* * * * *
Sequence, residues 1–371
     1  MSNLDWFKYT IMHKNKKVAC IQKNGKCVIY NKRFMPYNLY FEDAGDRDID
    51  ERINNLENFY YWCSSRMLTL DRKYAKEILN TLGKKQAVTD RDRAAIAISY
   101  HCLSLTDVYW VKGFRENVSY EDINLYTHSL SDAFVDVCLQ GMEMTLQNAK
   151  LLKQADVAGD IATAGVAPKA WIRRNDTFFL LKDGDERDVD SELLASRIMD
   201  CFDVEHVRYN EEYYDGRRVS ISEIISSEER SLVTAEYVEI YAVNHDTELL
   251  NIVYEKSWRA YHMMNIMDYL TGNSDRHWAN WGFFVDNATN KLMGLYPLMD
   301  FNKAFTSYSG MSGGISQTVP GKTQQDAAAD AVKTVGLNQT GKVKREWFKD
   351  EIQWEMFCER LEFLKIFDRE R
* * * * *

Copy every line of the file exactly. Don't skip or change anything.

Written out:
Sequence, residues 1–371
     1  MSNLDWFKYT IMHKNKKVAC IQKNGKCVIY NKRFMPYNLY FEDAGDRDID
    51  ERINNLENFY YWCSSRMLTL DRKYAKEILN TLGKKQAVTD RDRAAIAISY
   101  HCLSLTDVYW VKGFRENVSY EDINLYTHSL SDAFVDVCLQ GMEMTLQNAK
   151  LLKQADVAGD IATAGVAPKA WIRRNDTFFL LKDGDERDVD SELLASRIMD
   201  CFDVEHVRYN EEYYDGRRVS ISEIISSEER SLVTAEYVEI YAVNHDTELL
   251  NIVYEKSWRA YHMMNIMDYL TGNSDRHWAN WGFFVDNATN KLMGLYPLMD
   301  FNKAFTSYSG MSGGISQTVP GKTQQDAAAD AVKTVGLNQT GKVKREWFKD
   351  EIQWEMFCER LEFLKIFDRE R